If Christophe Beck does his musical all to pump up the frequently inept robbers of TOWER HEIST into master criminals, then Ilan Eshkeri has the even mightier job of turning Rowan Atkinson’s catastrophically inept 007 wannabe into a super agent who’ll out-Bond Connery for JOHNNY ENGLISH REBORN.
Eshkeri outfits himself with the comedy secret agent score checklist of a swaggering main theme, trademarked fuzz guitar, rocking exotica for the luxurious locations he’ll fight through, and lush, John Barry-esque strings, for the sinister villains and lovemaking he’ll have to endure. It’s a jacket that’s been to the cleaners many times by now, no more so than by serious spy scores that have been furiously finding new ways to make use of the pop-orchestral template that was truly established in FROM RUSSIA WITH LOVE. Sure Johnny English is REBORN in this manner for the zillionth time. But it’s all how you wear the tux, which Eshkeri does in smart style.
Thankfully, Eshkeri isn’t out to re-invent the musical wheel that composer Edward Shearmur established so well for the first ENGLISH. Instead, he continues its throttling, accident-causing sound with just as much symphonically exciting flair. While this greatly pleasing sequel might be a bit smaller in scope than the original, there’s nothing about the score that would clue you into it, from the dynamic pan-Asian action of a “Rooftop Chase,” the jazzy, sensual cooing of “Hypnotification,” “Lipstick Gun”s insanely dangerous suspense or the choral resurrection of REBORN, Eshkeri’s music playfully pumps up the adrenalin throughout, making Atkinson very macho indeed, while also playing to his bumbling sweetness.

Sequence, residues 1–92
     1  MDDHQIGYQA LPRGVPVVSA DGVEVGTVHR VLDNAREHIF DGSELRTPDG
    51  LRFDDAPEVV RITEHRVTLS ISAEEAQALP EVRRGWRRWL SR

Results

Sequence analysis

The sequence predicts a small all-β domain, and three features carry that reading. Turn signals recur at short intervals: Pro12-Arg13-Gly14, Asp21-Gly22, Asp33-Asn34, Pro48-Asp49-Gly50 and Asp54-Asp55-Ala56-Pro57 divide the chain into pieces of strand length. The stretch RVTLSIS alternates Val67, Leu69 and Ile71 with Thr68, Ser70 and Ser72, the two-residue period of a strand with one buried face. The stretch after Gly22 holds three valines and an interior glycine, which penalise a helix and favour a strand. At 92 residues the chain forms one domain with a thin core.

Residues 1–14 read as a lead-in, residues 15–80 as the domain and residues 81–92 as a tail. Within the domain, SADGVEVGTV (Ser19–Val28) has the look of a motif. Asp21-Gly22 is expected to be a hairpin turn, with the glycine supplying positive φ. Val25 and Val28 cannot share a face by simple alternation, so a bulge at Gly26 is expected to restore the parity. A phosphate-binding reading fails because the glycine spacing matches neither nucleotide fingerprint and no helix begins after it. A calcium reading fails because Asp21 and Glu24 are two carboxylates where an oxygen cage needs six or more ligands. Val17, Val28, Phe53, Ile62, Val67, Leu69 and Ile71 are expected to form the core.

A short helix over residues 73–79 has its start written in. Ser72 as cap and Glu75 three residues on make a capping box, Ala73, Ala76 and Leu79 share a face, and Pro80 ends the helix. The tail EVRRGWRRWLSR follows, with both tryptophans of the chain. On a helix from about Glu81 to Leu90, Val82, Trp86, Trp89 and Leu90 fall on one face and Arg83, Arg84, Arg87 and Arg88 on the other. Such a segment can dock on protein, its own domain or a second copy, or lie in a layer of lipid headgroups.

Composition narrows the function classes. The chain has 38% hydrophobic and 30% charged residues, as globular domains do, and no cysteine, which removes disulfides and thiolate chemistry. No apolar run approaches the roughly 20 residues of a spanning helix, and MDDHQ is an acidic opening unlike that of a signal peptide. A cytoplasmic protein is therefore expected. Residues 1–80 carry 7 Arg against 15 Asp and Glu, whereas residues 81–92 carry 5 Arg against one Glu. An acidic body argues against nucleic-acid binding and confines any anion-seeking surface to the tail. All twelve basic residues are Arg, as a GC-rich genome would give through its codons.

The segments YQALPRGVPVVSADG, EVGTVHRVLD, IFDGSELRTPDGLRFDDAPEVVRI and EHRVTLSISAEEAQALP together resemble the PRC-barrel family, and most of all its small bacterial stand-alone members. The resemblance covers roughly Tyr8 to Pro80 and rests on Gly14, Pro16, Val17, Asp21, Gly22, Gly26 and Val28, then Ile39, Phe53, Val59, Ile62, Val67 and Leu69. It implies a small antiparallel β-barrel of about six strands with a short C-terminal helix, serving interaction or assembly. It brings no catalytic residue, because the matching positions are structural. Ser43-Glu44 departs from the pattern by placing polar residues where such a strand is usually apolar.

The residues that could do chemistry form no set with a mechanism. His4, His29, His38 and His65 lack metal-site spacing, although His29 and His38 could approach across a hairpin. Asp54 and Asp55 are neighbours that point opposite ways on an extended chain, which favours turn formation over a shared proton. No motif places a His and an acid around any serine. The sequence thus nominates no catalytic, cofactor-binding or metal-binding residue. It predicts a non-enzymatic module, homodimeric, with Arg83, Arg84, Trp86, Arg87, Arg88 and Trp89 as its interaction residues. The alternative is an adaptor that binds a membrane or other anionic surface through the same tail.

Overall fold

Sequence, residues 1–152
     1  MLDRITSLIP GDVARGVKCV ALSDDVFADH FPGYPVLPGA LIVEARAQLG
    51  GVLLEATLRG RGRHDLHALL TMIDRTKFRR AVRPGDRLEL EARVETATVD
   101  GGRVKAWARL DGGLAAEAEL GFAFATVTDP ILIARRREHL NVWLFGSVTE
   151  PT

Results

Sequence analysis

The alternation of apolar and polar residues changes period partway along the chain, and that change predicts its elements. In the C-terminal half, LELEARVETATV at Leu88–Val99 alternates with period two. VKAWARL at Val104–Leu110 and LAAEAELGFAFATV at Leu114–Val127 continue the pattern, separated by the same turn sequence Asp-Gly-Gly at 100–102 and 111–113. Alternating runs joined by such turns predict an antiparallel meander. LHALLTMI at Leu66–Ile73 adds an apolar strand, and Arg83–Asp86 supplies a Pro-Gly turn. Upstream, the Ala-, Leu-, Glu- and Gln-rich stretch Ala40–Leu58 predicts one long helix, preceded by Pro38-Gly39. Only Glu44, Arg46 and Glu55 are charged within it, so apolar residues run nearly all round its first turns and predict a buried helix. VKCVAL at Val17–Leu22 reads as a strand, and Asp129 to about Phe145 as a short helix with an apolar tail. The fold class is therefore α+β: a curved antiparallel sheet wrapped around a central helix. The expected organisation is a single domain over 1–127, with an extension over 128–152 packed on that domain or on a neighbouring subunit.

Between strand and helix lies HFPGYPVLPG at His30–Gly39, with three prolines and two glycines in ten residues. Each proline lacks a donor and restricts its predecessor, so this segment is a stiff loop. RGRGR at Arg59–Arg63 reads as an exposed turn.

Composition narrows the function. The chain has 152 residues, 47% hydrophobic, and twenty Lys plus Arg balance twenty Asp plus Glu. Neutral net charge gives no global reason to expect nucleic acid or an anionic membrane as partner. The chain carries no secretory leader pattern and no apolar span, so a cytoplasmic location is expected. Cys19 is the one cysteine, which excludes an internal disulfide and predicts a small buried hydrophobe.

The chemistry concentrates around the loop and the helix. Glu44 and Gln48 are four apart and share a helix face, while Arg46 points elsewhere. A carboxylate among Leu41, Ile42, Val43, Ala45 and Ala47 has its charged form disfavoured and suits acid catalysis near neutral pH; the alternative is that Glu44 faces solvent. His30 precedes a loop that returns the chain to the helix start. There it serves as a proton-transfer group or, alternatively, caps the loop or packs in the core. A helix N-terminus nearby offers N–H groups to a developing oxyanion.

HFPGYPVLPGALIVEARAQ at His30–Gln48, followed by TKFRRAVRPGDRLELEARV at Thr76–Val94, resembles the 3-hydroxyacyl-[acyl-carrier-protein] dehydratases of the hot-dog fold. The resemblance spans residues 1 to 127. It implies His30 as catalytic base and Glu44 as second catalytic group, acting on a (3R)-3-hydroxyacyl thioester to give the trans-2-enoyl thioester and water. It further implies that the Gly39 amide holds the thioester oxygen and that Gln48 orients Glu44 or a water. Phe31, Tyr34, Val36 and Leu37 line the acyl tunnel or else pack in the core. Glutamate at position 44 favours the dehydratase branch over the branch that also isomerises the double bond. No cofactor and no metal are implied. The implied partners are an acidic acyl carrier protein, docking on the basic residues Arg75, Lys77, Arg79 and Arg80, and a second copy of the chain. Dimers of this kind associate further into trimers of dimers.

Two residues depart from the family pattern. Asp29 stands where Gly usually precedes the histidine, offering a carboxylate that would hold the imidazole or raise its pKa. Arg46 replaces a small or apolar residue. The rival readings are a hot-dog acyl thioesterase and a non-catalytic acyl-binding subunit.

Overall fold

If the first ENGLISH was a hilarious riff on “Goldfinger”’s megalomania, then this sequel is a delicious spin on LICENSE TO KILL, musically making things personal for a disgraced and on-the-lam Johnny. While necessarily light in tone during his desperate attempt to clear his name, Eshkeri actually manages to put in a bit of emotion along with the “this time it’s personal” danger, with punchy announcements for the bad guys that are just this side of being overtly comic. But if anything, it’s this one degree of separation that’s what separates a mock spy score from the real deal. A tilt either way could have ended up perfectly suited for a funny animal with a goofy gadget, or gone the way of Daniel Craig sporting a Walther PPK. In JOHNNY ENGLISH REBORN’s case it’s the latter for this aardvark-ish agent.
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Article: Review of JOHNNY ENGLISH REBORN soundtrack